BRIEF DESCRIPTION OF THE DRAWINGS

FIG. 1 is a front perspective view of a stuffing prior to inflation according to this invention;

FIG. 2 is a top plan view of the stuffing of FIG. 1 after inflation in a left shoe;

FIG. 3 is a top plan view of the stuffing of FIG. 1 after inflation in a right shoe; and

FIG. 4 is a sectional view taken on line 44 of FIG. 3.

DETAILED DESCRIPTION OF THE PREFERRED EMBODIMENTS

Referring now to the drawings, reference numeral 10 generally identifies a stuffing for insertion into a shoe 12 (see FIGS. 2–4) and for removal from the shoe 12. Stuffing 10 includes an inflatable insert 14 and a gas inlet 16 integral therewith. As explained below, gas such as air is introduced under pressure into the inlet 16 to inflate the insert 14. The insert is preferably inflated prior to insertion into the shoe, but could equally well be inflated in situ within the shoe.

Insert 14 extends along a longitudinal axis between a heel region 18 and a toe region 20. The insert 14 includes overlying planar sheets 22, 24 (see FIG. 4) of synthetic plastic material bounding an interior 26. The sheets may be discrete, or the insert may be a tubular sleeve flattened to form the overlying sheets. Peripheral edges of the sheets are heat-fused together by application of heat and pressure along a peripheral seam 28 to seal the interior of the insert.

The inlet 16 includes overlying planar strips 30, 32 of synthetic plastic material bounding a passage through which gas is admitted into the interior 26 of the insert to inflate the same. The strips may be discrete, or the inlet may be a tubular sleeve flattened to form the overlying strips. Peripheral longitudinal edges of the strips are heat-fused together by application of heat and pressure along longitudinal seams 34 to bound the passage. The opposite ends of the passage are not fused together. The outer end of strip 30 may be folded over onto itself to form closure flap 36. The strips are centrally located on the insert and are parallel to the longitudinal axis. The strips extend between the exterior and the interior of the insert and pass between the sheets 22, 24 through the heel region 18.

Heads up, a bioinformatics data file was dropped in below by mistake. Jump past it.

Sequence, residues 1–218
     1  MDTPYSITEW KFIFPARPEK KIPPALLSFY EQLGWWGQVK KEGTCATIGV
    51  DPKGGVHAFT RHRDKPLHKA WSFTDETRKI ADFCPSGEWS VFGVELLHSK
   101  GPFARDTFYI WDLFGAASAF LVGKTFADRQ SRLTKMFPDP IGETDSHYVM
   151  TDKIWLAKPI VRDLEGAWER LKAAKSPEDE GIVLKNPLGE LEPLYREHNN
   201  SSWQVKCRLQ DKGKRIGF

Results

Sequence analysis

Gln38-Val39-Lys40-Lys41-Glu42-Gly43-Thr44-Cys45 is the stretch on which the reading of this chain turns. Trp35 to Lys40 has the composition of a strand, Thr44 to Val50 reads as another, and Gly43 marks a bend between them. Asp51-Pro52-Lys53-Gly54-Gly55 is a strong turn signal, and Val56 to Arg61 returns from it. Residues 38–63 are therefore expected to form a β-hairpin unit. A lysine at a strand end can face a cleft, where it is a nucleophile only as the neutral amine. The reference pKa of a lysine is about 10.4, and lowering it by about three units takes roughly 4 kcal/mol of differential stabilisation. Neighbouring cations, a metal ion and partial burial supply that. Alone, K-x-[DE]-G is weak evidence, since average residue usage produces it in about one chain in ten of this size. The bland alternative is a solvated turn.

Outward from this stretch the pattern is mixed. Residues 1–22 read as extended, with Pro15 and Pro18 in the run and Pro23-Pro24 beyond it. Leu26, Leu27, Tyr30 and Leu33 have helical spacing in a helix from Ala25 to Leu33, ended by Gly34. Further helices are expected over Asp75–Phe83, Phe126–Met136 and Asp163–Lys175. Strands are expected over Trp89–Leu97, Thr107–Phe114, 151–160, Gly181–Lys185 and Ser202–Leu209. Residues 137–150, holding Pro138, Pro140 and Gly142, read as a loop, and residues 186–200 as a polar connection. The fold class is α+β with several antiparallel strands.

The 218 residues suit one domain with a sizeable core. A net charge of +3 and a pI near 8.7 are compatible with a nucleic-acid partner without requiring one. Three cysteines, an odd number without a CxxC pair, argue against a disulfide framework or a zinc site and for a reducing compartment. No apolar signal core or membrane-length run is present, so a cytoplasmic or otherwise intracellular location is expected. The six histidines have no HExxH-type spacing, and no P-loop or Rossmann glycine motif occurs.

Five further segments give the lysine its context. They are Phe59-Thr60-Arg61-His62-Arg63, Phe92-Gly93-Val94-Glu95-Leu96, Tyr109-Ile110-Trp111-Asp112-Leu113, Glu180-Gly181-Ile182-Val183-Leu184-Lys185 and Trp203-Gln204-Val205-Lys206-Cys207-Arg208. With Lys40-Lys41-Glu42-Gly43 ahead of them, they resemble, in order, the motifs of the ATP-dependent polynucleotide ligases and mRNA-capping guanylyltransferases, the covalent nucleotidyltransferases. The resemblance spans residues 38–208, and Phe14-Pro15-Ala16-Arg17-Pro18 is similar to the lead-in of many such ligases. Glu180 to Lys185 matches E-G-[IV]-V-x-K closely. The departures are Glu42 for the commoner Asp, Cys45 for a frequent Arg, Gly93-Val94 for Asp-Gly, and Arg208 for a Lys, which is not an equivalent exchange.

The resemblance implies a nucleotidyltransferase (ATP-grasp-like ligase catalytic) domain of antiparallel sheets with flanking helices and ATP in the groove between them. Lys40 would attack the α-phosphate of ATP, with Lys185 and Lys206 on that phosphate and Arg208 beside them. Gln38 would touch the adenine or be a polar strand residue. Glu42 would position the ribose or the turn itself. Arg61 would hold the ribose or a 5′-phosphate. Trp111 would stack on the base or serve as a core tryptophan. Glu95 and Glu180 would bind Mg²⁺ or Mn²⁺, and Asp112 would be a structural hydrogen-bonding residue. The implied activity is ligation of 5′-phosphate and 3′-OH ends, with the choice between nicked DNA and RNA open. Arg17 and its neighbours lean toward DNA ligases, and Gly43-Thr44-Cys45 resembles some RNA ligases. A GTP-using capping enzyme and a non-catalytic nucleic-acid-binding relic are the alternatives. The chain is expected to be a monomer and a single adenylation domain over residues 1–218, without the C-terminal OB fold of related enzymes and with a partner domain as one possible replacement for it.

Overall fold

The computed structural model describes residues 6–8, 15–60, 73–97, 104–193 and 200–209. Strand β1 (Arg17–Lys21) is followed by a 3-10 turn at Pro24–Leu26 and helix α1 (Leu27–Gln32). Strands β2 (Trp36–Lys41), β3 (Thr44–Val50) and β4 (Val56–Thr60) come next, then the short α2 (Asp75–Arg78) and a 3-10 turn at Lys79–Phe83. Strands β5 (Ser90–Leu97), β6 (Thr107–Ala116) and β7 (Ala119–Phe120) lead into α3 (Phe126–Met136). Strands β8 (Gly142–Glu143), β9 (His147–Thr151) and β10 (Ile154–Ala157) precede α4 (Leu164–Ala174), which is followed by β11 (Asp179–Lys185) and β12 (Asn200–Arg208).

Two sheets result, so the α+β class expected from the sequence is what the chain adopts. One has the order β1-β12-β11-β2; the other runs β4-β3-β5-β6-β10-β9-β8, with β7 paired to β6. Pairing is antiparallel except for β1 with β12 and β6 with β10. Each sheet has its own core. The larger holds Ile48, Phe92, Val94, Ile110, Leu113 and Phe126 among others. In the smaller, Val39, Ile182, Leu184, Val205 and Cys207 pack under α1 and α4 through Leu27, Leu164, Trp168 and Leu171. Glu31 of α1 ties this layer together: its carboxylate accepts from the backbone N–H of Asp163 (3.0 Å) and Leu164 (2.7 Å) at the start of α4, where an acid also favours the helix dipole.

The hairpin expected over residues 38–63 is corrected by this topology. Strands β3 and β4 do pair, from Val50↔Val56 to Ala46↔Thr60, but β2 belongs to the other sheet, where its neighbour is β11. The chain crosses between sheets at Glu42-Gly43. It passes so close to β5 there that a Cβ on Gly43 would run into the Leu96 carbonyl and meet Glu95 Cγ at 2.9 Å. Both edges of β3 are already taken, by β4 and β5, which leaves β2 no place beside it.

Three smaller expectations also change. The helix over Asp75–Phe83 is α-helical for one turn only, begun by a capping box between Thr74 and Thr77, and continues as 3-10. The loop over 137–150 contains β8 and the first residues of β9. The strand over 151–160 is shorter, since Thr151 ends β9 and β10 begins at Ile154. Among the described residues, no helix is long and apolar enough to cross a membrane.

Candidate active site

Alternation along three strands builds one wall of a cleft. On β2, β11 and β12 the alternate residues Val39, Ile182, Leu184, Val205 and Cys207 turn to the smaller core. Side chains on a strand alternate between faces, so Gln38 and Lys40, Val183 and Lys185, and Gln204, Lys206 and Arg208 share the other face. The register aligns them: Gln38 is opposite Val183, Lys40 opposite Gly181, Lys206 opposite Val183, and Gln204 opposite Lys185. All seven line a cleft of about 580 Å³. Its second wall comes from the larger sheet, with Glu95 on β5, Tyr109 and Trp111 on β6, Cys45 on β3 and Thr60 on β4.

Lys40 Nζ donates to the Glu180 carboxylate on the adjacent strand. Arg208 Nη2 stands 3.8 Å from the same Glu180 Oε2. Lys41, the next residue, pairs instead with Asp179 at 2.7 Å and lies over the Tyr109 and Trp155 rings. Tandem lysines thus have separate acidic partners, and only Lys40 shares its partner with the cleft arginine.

A pivot seal 40 is provided for heat sealing the sheets together by application of heat and pressure at a pivot region intermediate the heel 18 and toe 20 regions. In the preferred embodiment, the pivot seal 40 is a toroid and has a ring-shaped sealed part 38 surrounding a circular, unsealed, core part 42. The pivot seal is centrally located on the insert on the longitudinal axis.

A non-illustrated filling nozzle, similar to a drinking straw, is inserted into inlet 16 to admit pressurized gas, e.g., air, from a non-illustrated air pump source. Once fully inflated, the nozzle 32 is removed, and the inlet 16 is sealed by either heat-fusing an open end of the inlet 16, and/or automatically by incorporating a normally-closed check valve within the open end. The check valve is constituted by the foldable flap 36. The nozzle is inserted between the flap and the other strip 32 for inflation purposes. Upon removal of the nozzle, the interior air pressure within the insert forces the flap against the other strip 32, thereby sealing the insert.

FIG. 2 depicts the inflated stuffing in a left shoe, and FIG. 3 depicts the inflated stuffing in a right shoe. Each shoe has a curved toe portion 44, a heel portion 46, and a sole portion 48. The curved toe portion 44 pushes the toe part 20 of the inflated insert at the pivot region about a pivot axis perpendicular to the longitudinal axis into an arcuate shape that conforms to the curved toe portion 44. Thus, as shown in FIG. 2, the insert is stressed at creases 50 and is bent in the direction of arrow A. As shown in FIG. 3, the insert is stressed at creases 52 and is bent in the direction of arrow B. In each case, the pivot seal 40 enables the movement of the toe part 20 so that it is more deeply seated within and more completely fills the toe space within the toe portion 44. The material of the shoe upper at the toe portion is thus supported more fully and resists wrinkling and creasing.

To remove the insert, one need only grasp the inlet and pull the insert from the shoe with a single motion.

Each insert can accommodate shoe sizes within a limited range. Of course, different stuffings would be required for shoe sizes outside of said range.